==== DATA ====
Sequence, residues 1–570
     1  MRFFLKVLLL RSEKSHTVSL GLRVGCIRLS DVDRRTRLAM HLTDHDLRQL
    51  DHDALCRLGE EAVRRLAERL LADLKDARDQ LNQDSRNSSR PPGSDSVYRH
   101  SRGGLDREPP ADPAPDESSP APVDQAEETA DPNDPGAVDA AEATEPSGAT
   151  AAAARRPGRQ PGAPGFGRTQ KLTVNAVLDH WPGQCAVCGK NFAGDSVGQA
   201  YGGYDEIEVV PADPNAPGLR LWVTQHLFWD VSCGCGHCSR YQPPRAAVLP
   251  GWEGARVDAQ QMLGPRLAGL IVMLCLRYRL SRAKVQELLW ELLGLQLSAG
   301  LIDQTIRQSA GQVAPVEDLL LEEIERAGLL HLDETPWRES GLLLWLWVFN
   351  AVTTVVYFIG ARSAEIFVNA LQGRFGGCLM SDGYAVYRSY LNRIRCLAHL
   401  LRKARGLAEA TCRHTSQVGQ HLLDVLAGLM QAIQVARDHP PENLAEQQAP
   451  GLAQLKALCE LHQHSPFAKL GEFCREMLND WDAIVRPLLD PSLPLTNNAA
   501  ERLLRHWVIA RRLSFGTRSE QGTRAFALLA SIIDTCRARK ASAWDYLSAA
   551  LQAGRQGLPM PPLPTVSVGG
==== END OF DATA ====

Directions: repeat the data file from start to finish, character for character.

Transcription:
Sequence, residues 1–570
     1  MRFFLKVLLL RSEKSHTVSL GLRVGCIRLS DVDRRTRLAM HLTDHDLRQL
    51  DHDALCRLGE EAVRRLAERL LADLKDARDQ LNQDSRNSSR PPGSDSVYRH
   101  SRGGLDREPP ADPAPDESSP APVDQAEETA DPNDPGAVDA AEATEPSGAT
   151  AAAARRPGRQ PGAPGFGRTQ KLTVNAVLDH WPGQCAVCGK NFAGDSVGQA
   201  YGGYDEIEVV PADPNAPGLR LWVTQHLFWD VSCGCGHCSR YQPPRAAVLP
   251  GWEGARVDAQ QMLGPRLAGL IVMLCLRYRL SRAKVQELLW ELLGLQLSAG
   301  LIDQTIRQSA GQVAPVEDLL LEEIERAGLL HLDETPWRES GLLLWLWVFN
   351  AVTTVVYFIG ARSAEIFVNA LQGRFGGCLM SDGYAVYRSY LNRIRCLAHL
   401  LRKARGLAEA TCRHTSQVGQ HLLDVLAGLM QAIQVARDHP PENLAEQQAP
   451  GLAQLKALCE LHQHSPFAKL GEFCREMLND WDAIVRPLLD PSLPLTNNAA
   501  ERLLRHWVIA RRLSFGTRSE QGTRAFALLA SIIDTCRARK ASAWDYLSAA
   551  LQAGRQGLPM PPLPTVSVGG